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Anna Kuhn

LIKE MANY OTHER WRITERS, I HAVE ALWAYS BEEN AN Omnivorous reader, that is a kind of preparation for potential authors. However, one must have a strong urge to say something himself and my particular urge came from an article which I read in Fortune Magazine some two decades ago. I can not even recall the title, but the theme was the Shrine of Lourdes about which I knew nothing whatsoever. After reading the exciting story of the tiny hamlet at the foot of the Pyrennes in southern France where the Blessed Virgin appeared to Bernadette Soubirous and where miraculous cures occurred each year, I studied everything I could find in books, magazines or pamphlets. In fact, the theme took such a hold on my imagination that the following summer I sailed for Europe with Lourdes as my destination!

An unforgettable sojourn in this hallowed spot as part of an English pilgrimage resulted in a book for children entitled A Queen's Command (Bruce, 1940) which narrates the story of the humble shepherdess, who, in 1934, was enrolled in the canon of the saints and is known since as St. Bernadette. Other juvenile books followed, but none ever brought the tremendous inner satisfaction that came with the publication of A Queen's Command!

Currently my creative work has taken a new turn, and I am engaged in writing magazine articles and book reviews in the hope of making the vast field of Catholic literature better known and appreciated. However, the juvenile books written some time ago continue to follow me with deliberate and constant pace as clubs or schools ask for the author of The Quest of Don Bosco (Bruce, 1942), Royal Banners Fly (id., 1946), and other works to speak on juvenile writing.

Fan mail from children in the course of a year, especially during Catholic Book Week, is always gratifying. Recently I received a heart-warming letter from a parochial school lad in the West telling me that he enjoyed The Quest of Don Bosco, and that he hoped some day to be a priest like Father John Bosco.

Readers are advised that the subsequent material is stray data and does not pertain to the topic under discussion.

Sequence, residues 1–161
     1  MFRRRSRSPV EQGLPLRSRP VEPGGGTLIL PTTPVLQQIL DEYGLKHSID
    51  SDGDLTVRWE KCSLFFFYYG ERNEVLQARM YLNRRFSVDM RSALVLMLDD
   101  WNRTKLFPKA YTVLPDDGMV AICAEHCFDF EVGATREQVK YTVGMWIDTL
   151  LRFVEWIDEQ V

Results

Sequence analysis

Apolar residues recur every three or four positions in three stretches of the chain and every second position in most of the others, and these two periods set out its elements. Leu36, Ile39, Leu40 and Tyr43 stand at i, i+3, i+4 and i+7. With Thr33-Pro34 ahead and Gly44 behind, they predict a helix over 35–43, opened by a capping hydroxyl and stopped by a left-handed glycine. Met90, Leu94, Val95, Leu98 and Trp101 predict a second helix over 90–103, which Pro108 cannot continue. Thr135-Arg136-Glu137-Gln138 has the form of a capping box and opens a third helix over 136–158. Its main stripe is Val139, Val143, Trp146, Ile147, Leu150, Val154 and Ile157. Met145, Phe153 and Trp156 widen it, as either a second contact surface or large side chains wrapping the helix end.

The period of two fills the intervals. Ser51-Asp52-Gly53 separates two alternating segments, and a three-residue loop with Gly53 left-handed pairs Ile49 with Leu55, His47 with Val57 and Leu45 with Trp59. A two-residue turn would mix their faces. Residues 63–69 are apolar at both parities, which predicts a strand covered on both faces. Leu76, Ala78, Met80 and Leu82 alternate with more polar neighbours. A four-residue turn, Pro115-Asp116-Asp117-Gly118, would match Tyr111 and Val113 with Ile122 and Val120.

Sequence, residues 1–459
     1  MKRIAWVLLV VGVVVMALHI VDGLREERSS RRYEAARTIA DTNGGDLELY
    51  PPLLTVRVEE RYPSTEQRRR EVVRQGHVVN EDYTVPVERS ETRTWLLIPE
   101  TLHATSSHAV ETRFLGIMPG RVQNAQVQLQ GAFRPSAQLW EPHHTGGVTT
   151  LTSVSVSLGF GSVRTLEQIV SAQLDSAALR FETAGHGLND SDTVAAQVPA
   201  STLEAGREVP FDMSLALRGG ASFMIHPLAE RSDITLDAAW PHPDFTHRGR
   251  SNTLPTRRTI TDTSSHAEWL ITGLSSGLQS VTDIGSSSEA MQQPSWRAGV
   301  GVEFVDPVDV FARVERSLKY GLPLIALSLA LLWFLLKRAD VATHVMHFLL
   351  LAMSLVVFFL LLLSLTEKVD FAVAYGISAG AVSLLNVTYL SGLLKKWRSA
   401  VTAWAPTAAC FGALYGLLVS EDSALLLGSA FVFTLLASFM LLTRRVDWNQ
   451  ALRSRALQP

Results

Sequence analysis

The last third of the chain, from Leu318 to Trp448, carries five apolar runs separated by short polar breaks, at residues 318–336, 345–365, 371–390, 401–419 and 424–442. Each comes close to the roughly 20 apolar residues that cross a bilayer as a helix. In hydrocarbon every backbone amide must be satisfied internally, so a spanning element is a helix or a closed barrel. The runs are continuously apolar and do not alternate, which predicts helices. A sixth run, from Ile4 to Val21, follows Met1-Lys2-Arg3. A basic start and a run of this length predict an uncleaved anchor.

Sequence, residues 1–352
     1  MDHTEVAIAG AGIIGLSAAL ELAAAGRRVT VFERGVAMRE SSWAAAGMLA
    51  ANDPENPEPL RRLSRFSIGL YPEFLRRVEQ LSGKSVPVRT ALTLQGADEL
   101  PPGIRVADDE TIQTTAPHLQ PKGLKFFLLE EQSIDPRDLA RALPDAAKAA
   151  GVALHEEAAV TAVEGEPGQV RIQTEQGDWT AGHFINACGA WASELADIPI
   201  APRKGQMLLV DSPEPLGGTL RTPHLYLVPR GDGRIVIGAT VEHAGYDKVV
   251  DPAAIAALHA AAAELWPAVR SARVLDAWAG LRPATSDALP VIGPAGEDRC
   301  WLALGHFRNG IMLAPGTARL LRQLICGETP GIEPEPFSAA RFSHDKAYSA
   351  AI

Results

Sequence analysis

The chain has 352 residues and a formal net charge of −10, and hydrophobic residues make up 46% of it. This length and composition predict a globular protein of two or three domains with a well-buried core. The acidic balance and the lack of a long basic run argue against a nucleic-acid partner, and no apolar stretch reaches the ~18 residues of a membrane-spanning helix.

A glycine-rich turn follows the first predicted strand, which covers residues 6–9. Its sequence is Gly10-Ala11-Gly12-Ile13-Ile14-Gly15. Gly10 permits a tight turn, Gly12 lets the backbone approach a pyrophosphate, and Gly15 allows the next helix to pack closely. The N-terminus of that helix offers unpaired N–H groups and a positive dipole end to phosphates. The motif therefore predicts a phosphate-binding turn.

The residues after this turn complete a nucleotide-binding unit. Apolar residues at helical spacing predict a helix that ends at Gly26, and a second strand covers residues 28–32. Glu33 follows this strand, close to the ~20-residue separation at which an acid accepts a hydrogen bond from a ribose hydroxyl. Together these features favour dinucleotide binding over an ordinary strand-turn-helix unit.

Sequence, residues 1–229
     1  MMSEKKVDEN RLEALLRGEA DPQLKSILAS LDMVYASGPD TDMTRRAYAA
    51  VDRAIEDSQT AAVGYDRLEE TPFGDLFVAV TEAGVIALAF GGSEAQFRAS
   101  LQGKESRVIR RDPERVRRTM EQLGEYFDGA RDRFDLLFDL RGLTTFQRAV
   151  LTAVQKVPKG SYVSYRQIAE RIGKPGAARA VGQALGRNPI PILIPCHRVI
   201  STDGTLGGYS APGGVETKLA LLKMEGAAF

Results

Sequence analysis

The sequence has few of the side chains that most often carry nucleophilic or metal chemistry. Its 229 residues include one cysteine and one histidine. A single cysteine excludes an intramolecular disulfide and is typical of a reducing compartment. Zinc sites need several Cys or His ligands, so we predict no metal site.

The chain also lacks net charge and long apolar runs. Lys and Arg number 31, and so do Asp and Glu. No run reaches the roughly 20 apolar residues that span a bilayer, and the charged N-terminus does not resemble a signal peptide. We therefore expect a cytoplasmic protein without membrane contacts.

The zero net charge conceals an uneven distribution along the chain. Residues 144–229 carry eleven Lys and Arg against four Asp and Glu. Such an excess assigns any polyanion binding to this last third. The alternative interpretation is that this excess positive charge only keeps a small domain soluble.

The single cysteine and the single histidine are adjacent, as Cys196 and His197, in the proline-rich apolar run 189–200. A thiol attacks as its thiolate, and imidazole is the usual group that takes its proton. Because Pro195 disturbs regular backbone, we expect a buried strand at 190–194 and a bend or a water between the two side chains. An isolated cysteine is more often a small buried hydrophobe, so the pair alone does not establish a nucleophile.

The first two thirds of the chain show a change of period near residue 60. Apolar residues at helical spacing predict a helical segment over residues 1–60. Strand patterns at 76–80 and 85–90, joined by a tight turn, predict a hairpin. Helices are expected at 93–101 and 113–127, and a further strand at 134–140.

In my series of children's books I wrote a short biographical sketch of Rose Hawthorne, the daughter of the famous Concord (Massachusetts) writer of the nineteenth century. Rose eventually established the first free cancer clinic in the United States and became Mother Alphonsa of the Dominican Sisters of St. Rose of Lima. This particular story, included in Watching At My Gates (Bruce, 1948), has had many interesting ramifications. Frequently I am asked to write the story for some national magazine. Recently a Catholic visitor to New England learned for the first time of this famous daughter of the Puritan Nathaniel Hawthorne, called me on the telephone and requested me to write the story for a magazine with which he was associated. Calls also come for me to speak about Rose and her magnificent work for the cancerous poor. Thus a tiny acorn into a great oak grows; and once a subject has taken hold of an author's imagination, it is astounding to realize in how many different ways it can be presented to audiences.

Research work on Catholic subject matter is always easy as there are such vast resources from which to draw. Also as one writes of the heroes and heroines of Christendom for youngsters, there is a glow of satisfaction and inner happiness because one is cognizant of the fact that he is going to produce a book with order and beauty inherent in the theme, and that it will in some way be appealing and challenging to teen-agers who may eventually read it. The human interest element in the lives of the saints is often more dramatic than that which is found in ordinary lives, and this feature of my writing I have stressed in my books for children.

My early background and training in public schools ( Somerville High, Somerville, Massachusetts ) as well as my college education (Tufts University, Medford, Massachusetts) did not prepare me for my career as a writer for Catholic readers. Although I did receive an excellent general education, I cannot say that any course or any instructor ever stimulated me to such an interest in the world about me that my dormant potential for writing was drawn out. It was only when eventually I was admitted to the Graduate School of Boston College that the Jesuit Fathers in their quiet and scholarly way made me aware of the truth and beauty of Christendom and gradually taught me the discipline necessary for writing. It was about this time that I received a degree of Master of Education in English from Boston College that I read the article mentioned at the beginning of this brief biographical sketch; and somehow these two incidents are responsible for the auspicious and satisfying career of writing which I have pursued in my leisure time.

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